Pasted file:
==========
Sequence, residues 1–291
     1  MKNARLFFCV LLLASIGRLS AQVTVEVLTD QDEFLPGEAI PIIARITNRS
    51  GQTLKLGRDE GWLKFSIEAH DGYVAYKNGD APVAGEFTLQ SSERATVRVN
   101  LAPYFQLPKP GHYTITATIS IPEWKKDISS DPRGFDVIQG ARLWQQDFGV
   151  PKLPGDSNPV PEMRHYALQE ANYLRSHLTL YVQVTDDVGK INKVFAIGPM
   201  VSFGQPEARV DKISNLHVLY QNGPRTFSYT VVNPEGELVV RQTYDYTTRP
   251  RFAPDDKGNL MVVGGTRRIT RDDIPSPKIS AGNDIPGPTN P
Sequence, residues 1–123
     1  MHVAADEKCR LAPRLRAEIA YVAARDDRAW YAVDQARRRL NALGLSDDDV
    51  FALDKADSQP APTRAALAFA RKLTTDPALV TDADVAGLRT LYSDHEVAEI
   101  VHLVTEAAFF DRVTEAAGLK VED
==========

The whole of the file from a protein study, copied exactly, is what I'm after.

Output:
Sequence, residues 1–291
     1  MKNARLFFCV LLLASIGRLS AQVTVEVLTD QDEFLPGEAI PIIARITNRS
    51  GQTLKLGRDE GWLKFSIEAH DGYVAYKNGD APVAGEFTLQ SSERATVRVN
   101  LAPYFQLPKP GHYTITATIS IPEWKKDISS DPRGFDVIQG ARLWQQDFGV
   151  PKLPGDSNPV PEMRHYALQE ANYLRSHLTL YVQVTDDVGK INKVFAIGPM
   201  VSFGQPEARV DKISNLHVLY QNGPRTFSYT VVNPEGELVV RQTYDYTTRP
   251  RFAPDDKGNL MVVGGTRRIT RDDIPSPKIS AGNDIPGPTN P
Sequence, residues 1–123
     1  MHVAADEKCR LAPRLRAEIA YVAARDDRAW YAVDQARRRL NALGLSDDDV
    51  FALDKADSQP APTRAALAFA RKLTTDPALV TDADVAGLRT LYSDHEVAEI
   101  VHLVTEAAFF DRVTEAAGLK VED